Monday 6 August 2018

The Rebato

Figure 1: Underside of rebato in Metropolitan Museum, New York. CC

For the purposes of this blogpost a rebato is a wired collar, which can best be described as looking as though you have stuck your head on a plate. The term rebato may originally have related to any wire support that kept up the great ruffs and collars of the late sixteenth century. As Dent described them; “These great ruffes, which are borne up with supporters, and rebatoes, as it were with poste and raile.” (1)
Some of these supports for ruffs and collars were known as supportasse and picadils, these were more likely to be pasteboard and whalebone, but sometimes they were wire. Cotgrave defined a picadil as “a Pickadill, or supporter, of Pasteboord covered with linnen.” (2) Stubbes referred to a supportasse as “A certain device made of wyers... calleth a supportasse or vnderpropper. This is to be supplyed round about their necks under the ruffe, beare up the whole frame & body of the ruffe, from falling and hanging down.” (3)  Patterns have been made from the surviving picadils and supportasse that are in the Victoria and Albert Museum. (4) (5)
The fashion for the head on a plate style of rebato, in England at least,  dates almost exclusively from the first two decades of the seventeenth century. However the fashion appears to have continued later in other parts of Europe, particularly Germany and Austria, as can be seen in some of Hollar’s 1640s engravings, for example his Noblewoman of Bohemia, a Viennese gentlewoman, and a German merchant’s wife. In London in 1611 the Grocers’ Company made an effort to limit the use of such supports among their apprentices, stating that they should not wear, “any piccadilly or other support in, with, about the collar of his doublet.” (6 p. 91)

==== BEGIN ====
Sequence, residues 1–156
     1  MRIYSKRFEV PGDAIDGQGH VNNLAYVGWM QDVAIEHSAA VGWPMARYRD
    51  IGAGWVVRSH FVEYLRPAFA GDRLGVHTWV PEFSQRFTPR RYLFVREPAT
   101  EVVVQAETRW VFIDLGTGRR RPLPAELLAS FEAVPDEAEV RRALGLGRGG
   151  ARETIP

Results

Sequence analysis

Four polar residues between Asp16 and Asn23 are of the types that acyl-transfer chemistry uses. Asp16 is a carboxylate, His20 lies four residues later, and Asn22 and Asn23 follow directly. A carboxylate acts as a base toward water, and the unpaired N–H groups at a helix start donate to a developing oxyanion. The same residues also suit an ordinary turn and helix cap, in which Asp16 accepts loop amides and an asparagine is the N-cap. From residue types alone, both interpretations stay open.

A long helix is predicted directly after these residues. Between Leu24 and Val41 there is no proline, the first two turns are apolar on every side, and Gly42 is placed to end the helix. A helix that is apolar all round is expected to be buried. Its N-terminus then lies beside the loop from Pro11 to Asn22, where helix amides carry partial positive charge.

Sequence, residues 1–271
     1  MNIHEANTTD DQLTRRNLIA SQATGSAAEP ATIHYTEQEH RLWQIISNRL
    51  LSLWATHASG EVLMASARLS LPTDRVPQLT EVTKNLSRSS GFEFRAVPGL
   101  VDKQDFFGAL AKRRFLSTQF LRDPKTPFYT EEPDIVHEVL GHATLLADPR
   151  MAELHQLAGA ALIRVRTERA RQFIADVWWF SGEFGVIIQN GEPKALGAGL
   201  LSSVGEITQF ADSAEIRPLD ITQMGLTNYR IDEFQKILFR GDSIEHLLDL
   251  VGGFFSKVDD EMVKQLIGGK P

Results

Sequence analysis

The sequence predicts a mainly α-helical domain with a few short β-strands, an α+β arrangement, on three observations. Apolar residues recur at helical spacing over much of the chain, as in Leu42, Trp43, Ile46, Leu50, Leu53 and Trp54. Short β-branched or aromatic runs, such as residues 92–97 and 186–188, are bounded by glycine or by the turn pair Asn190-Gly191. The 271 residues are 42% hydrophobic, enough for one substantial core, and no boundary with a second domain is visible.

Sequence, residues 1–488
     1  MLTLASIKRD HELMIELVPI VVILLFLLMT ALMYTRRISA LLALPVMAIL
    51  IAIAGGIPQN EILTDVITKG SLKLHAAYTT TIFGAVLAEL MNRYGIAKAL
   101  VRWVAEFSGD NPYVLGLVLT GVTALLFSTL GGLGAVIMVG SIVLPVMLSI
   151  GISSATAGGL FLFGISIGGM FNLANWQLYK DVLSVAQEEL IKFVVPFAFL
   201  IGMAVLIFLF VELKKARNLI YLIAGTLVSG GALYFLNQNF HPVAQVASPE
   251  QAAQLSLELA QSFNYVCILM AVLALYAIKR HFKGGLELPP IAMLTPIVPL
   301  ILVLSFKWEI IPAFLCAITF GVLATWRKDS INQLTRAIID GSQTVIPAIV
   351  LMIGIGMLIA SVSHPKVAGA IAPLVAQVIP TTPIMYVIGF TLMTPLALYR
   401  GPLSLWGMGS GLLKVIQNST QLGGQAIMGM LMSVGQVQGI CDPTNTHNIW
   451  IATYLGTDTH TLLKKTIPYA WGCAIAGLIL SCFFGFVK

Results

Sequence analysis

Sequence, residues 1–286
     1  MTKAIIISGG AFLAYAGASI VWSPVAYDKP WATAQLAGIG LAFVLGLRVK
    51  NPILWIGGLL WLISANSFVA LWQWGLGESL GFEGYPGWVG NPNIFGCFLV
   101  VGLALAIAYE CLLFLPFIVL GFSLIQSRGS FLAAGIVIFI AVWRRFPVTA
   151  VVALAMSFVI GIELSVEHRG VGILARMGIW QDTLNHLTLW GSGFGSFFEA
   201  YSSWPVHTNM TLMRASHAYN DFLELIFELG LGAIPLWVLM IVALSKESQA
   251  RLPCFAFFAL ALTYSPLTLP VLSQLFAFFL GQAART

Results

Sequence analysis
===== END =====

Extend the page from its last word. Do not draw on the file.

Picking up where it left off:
Patterns from six surviving rebatos, two in the Metropolitan Museum, New York, two in the Musee nationale de Renaissance, France, and one each in the Germanisches Nationalmuseum, Nurnberg and the Bayerisches Nationalmuseum, Munich, can be found in Patterns of Fashion, vol 4. (7) Links to some of the museum records are in the survivals list below.

Fig. 2. Detail from Anne of Denmark by Paul van Somer
The surviving rebatos have a, sometimes very complex, wire frame, usually in iron, see figure 1, which shows the underside of a rebato in Metropolitan Museum, New York. The frame is then wrapped in a silver, silver-gilt or gilt thread. They very occasionally appear in accounts, as in A rebatoe wyer for Mrs Mary,” in 1612. (8 p. 10)  The neck edges tend to be bound with linen and/or silk, presumably to prevent rubbing. Over the frame is stretched a fine fabric, (silk, gauze, etc.) and this decorated with lace and/or embroidery, and edged with more lace. At least two of the survivals close with a hook and eye, in one case these are formed from a continuation of the neck wire. Another method of closure is the use of band strings, as can be seen in figure 2 a detail from Paul van Somer’s portrait of Anne of Denmark.

1. Dent, Arthur. The plaine mans path-way to heaven. London : Robert Dexter, to be sold at the signe of the brazen serpent in Powles Church-yard, 1601.
2. Cotgrave, Randle. A Dictionarie of the French and English tongues . London : Islip, 1611.
3. Stubbes, P. The anatomie of abuses. 1583.
4. Braun, M, et al. 17th-century men's dress patterns 1600-1630. London : Thames & Hudson, 2016. 978 0 500 51905 9.
5. North, S. and Tiramani, J. Seventeenth century women's dress patterns, book 2. London : Victoria and Albert Museum, 2012.
6. Heaht, J. B. Some Account of the Worshipful Company of Grocers of the City of London. London : Chiswick Press, 1869.
7. Arnold, J. Patterns of Fashion 4 : the cut and construction of linen shirts, smocks, neckwear, headwear and accessories for men and women . London : Macmillan, 2008.
8. Ornsby, G. ed. Selections from the Household Books of the Lord William Howard of Naworth Castle. s.l. : Publications of the Surtees Society, 68, 1878.

List of Survivals
Germanisches Nationalmuseum, Nurnberg  PofF4, 29, p.92
Musée de la Renaissance, château d'Ecouen PofF4,  31, p.92
Met Museum - with matching cuffs. No image on the museum’s website. PofF4, 32. p.93
Bayerisches Nationalmuseum, Munich. PofF4, 33, p.93

Links to English Paintings and Prints
Below are links to some of the English paintings and engravings showing both men and women wearing the rebato.
1614 Isabella Rich, by William Larkin, Kenwood House
1617 Anne of Denmark by Paul van Somer, Royal Collection

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